In our Post 9/11 Attacks world air travel has become more difficult and time consuming. We have to go through all sorts of checks, removing our shoes and so forth, and we can’t take seemingly mundane products onto the aircraft. Well, it seems that there might be a good reason for this restriction. As it turns out, terrorists based in the UK back in 2006 were targeting 7 airplanes with bombs made from Tang, the common household orange flavored instant breakfast beverage, and hydrogen peroxide, the common antiseptic.
As you can see in this video from Fox News, mixing these two common ingredients and using a flash bulb detonator can cause a powerful explosion, enough to breach the hull of an aircraft and causing explosive decompression, killing everyone on board very quickly.
The citric acid in the Tang combines with the bleach in the hydrogen peroxide to cause an explosive reaction. Sometimes additional chemicals are used to accelerate or intensify the explosion, most commonly hexamethylene triperoxide diamine which can also be easily made from common household items. These kinds of easy to make explosives were invented back in the early to mid 1800’s before more stable compounds, like dynamite, were invented. These improvised explosives are very unstable and sensitive to detonation from friction or contact with other compounds. For example, a chemistry major at the college I went to was experimenting with these compounds accidentally blew up a lab and burned himself badly.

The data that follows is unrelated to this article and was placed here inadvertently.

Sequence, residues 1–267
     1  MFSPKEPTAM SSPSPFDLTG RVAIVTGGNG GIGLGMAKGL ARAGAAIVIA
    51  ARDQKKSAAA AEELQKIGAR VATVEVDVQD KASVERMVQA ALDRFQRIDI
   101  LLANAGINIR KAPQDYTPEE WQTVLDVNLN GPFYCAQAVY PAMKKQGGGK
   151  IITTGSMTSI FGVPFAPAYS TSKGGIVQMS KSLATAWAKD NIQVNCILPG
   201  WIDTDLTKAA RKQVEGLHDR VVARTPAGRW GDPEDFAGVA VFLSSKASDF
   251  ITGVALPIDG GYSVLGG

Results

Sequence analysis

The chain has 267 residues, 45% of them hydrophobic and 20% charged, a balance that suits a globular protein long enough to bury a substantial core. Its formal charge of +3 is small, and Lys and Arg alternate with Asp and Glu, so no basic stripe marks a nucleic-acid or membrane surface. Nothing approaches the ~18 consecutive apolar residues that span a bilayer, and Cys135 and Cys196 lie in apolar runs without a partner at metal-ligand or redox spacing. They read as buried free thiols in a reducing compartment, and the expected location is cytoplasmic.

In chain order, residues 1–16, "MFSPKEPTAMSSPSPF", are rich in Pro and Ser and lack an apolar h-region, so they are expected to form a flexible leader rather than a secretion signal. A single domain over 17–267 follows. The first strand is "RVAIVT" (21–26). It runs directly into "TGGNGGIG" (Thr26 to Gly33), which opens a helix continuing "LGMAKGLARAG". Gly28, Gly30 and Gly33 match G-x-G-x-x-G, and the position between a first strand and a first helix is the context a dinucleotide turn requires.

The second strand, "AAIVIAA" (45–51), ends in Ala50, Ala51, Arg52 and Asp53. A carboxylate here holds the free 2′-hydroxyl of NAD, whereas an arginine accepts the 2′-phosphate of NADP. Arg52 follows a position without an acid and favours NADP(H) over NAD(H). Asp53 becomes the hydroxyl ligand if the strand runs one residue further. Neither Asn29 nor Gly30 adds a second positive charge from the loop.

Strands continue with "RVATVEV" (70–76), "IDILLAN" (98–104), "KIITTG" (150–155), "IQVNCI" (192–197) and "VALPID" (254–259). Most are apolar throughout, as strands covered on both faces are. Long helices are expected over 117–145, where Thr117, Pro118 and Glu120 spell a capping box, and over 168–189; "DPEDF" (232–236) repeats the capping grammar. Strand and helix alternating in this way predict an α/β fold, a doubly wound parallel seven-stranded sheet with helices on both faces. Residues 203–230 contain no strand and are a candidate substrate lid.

Terrorist groups have found these explosive improvised from common household items to be of great value. They’re easy to smuggle into target areas and easy to assemble into a working bomb. And, if you don’t plan on getting away, easy to explode. That’s why they’re so dangerous. The materials for them can easily be concealed in a soda or shampoo bottle of normal size.
So, the next time you are upset that you can’t take your soda on the plane, remember, they’re actually looking out for your safety with this restriction.